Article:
Introducing Quin Snyder and What We Learned

Listening to the introductory press conference for Quin Snyder, there were several things that stood out to me. First, he was clearly hired for his development skills. His ability to develop was mentioned several times. He not only is able to develop players, but spends time individually with players working on their game. Given the young lineup of the Jazz developing players is huge. Players like Favors have a ton of potential, but up to this point has been a bit inconsistent. Hopefully Snyder is able to come in, work with Favors and help him develop into the defensive anchor he can be.

Just think about Alec Burks for a minute. Burks has been a player that attacks the basket, but despite shooting 35% from three point, is not considered a threat from deep. A big reason for this is his form changes when he shoots from three. His mid-range jumpers and free throws look very smooth and fluid. When he steps back and shoots a three he pushes the ball. If Snyder can work with Burks on his three point shot and get him to shoot the ball with the same motion as his mid-range jump shot it would not be inconceivable to have his percentage jump up to 40%. Alec Burks shooting the three pointer with 40% accuracy would only make him more able to get to the rim. If defenders decide to slack off him he can kill them with the three, if they try to take away the three he can blow by them, getting to the paint and getting an easy bucket or getting to the free throw line. If Burks is able to develop under Snyder and improve his form on three pointers, could Burks not then become the missing piece for the Jazz in having a go to player on offense that can score when you need someone to score?

Second, his time in Europe taught how to plan for a game. Like Snyder pointed out, teams are only able to play one game a week in Europe. This allowed him to dive into preparing for a game. Allowed him to take time to dissect what the other team wanted to do and scheme a game plan. In addition to having the time to really study the opposing team, he was able to do so under the best coach in Europe, Ettore Messina.

Third, Snyder wants to open up the offense. This was merely a comment he made, but opening up the offense will give the Jazz more opportunities for easy buckets. Too often the past few seasons the Jazz would collect a defensive rebound, slowly take it up the court, pass it around without purpose for 20 seconds, then having to force up not only a low percentage shot, but a low percentage shot that was also contested. The Jazz have a young team with some athletes. Grabbing a defensive rebound and pushing it up the court looking for an easy basket could easily improve the offense by several points. If no easy basket is available they can then slow up and get into their half-court offense.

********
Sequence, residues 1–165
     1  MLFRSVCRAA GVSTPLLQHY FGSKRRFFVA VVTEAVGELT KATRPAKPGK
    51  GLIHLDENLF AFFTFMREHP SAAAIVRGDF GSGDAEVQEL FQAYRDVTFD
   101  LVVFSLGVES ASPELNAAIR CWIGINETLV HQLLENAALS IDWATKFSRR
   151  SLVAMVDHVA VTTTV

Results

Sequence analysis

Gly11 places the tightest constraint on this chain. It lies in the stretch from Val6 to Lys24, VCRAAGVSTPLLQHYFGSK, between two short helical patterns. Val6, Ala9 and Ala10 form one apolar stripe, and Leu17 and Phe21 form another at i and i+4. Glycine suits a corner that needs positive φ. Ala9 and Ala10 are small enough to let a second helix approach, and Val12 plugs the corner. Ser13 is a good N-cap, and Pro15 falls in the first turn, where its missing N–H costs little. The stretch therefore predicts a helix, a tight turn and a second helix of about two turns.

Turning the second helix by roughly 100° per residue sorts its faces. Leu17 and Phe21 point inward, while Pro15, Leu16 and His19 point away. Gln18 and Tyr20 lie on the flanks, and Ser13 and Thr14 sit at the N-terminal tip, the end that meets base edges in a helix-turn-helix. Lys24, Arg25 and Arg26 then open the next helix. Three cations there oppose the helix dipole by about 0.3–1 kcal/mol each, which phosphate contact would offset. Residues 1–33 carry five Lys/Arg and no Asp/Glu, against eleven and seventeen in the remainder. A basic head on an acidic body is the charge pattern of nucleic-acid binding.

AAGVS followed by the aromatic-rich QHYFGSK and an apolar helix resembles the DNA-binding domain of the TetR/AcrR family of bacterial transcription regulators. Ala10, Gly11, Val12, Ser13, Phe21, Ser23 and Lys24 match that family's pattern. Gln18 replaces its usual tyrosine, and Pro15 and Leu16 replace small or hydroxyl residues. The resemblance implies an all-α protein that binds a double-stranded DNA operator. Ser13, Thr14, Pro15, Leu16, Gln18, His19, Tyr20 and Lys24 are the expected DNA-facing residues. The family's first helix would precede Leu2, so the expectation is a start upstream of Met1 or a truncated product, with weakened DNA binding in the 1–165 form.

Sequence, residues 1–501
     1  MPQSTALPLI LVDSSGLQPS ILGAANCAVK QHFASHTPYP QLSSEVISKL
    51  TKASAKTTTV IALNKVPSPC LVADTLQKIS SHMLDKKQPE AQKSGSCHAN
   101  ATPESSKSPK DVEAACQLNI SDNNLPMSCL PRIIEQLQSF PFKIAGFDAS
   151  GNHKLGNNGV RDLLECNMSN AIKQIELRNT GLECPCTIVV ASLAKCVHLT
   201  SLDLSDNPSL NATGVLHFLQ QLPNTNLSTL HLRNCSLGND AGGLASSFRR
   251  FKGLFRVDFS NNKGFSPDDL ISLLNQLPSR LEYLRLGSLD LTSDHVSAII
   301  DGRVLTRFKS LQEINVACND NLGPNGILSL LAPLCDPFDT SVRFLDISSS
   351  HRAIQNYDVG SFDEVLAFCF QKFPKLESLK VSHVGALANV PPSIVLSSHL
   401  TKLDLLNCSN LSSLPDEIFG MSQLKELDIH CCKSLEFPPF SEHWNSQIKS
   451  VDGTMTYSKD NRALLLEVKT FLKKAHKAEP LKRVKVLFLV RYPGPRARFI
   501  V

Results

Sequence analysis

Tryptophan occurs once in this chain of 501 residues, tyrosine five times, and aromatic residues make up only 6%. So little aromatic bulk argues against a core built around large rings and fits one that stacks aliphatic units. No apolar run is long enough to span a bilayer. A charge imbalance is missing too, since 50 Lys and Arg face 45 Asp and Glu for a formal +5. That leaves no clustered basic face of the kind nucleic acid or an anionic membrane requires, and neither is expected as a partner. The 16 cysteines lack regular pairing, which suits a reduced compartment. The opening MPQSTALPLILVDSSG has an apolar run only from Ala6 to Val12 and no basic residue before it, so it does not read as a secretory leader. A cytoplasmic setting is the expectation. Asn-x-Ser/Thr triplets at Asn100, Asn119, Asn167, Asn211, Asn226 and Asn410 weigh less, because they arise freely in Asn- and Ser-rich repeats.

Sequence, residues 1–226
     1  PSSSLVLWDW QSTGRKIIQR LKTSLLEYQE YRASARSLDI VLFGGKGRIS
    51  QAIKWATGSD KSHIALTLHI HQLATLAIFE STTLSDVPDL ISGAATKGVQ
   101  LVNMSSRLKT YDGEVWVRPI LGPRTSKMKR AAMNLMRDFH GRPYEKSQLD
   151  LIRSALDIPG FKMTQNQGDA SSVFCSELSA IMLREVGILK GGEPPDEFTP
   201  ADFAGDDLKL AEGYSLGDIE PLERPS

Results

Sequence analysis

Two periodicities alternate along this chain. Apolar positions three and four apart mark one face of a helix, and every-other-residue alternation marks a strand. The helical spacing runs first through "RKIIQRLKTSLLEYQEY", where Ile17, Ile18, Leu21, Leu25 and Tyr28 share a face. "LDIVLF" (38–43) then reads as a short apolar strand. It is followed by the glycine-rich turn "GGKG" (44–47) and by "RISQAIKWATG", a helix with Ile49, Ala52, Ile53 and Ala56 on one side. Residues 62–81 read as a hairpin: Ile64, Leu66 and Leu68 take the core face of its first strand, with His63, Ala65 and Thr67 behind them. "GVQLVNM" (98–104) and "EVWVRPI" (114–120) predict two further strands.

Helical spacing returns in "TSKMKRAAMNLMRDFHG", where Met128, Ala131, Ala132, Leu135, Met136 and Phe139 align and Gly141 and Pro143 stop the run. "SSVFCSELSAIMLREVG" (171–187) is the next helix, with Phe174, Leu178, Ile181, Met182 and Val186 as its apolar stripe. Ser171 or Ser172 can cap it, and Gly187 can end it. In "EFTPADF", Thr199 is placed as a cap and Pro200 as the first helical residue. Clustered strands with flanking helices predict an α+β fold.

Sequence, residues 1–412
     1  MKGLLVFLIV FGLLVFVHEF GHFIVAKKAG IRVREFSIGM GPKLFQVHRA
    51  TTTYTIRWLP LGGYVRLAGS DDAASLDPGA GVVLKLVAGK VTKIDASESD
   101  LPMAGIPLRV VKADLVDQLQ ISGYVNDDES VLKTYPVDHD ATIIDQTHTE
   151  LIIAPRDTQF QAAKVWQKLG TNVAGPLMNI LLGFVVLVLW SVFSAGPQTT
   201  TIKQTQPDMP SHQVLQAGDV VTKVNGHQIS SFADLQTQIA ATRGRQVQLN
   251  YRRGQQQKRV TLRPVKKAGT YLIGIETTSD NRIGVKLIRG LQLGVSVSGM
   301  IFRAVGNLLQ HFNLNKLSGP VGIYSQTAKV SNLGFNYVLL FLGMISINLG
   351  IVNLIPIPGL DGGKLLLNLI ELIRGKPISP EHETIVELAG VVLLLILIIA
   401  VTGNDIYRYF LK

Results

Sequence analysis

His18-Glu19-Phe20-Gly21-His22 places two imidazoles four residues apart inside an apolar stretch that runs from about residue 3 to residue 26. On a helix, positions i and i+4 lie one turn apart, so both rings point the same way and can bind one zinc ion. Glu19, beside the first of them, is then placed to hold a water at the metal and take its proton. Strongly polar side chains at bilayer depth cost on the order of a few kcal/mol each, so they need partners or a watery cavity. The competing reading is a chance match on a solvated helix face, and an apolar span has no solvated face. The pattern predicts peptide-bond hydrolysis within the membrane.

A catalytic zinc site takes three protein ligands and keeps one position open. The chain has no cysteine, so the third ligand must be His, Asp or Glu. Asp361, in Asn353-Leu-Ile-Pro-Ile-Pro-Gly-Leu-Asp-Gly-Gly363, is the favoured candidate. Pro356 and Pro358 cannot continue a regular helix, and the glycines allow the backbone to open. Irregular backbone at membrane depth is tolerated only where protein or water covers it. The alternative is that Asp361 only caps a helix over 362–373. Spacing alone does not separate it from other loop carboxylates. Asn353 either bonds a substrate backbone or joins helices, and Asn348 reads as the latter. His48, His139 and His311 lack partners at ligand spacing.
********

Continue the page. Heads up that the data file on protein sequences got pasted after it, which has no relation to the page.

Fourth, Snyder has learned from his experiences both good and bad. His tenure, and ultimate firing (officially he resigned, but even Snyder has said he was fired) at Missouri has been highly publicized. I am sure he has had to answer questions regarding his release everywhere he has gone. During the press conference it was brought up multiple times. Snyder did not back down from the questions, but answered them in ways that showed he has grown. He has taken those failures and has used them to help make him a better coach today. Because he has learned from these failures, they should only be a benefit going forward with the Jazz.

Fifth, and finally, Snyder is quick on his feet. I came to this realization from one comment he made. Earlier, Dennis Lindsey was talking about his time with the Spurs when he was first hired. Snyder had been hired as the Toros (Spurs D-League affiliate) just a few months before Lindsey. Lindsey was asked what he thought about Snyder and he said he was skeptical. Lindsey then explained his skepticism was due to him not knowing much about him and as he grew to know him he grew to like him. Later in the press conference Lindsey was asked what it was about Snyder that they hired him over the other three finalists. Without missing a beat Snyder jumped in and said he wanted to hear the answer as well because earlier Lindsey was saying how he didn’t like him. That quickness on his feet is beneficial as a coach. Coaches have to make changes on the fly. Snyder is clearly a smart individual, but being able to think quickly will allow him to use his intelligence during the games in making adjustments and giving the Jazz their best chance to succeed.

Ultimately what we learned during the press conference will ultimately be shown on the court. As for now I believe the Jazz hired themselves a very good coach, who has the ability to succeed. It will be exciting to see Snyder lead the Jazz, hopefully for many years to come.

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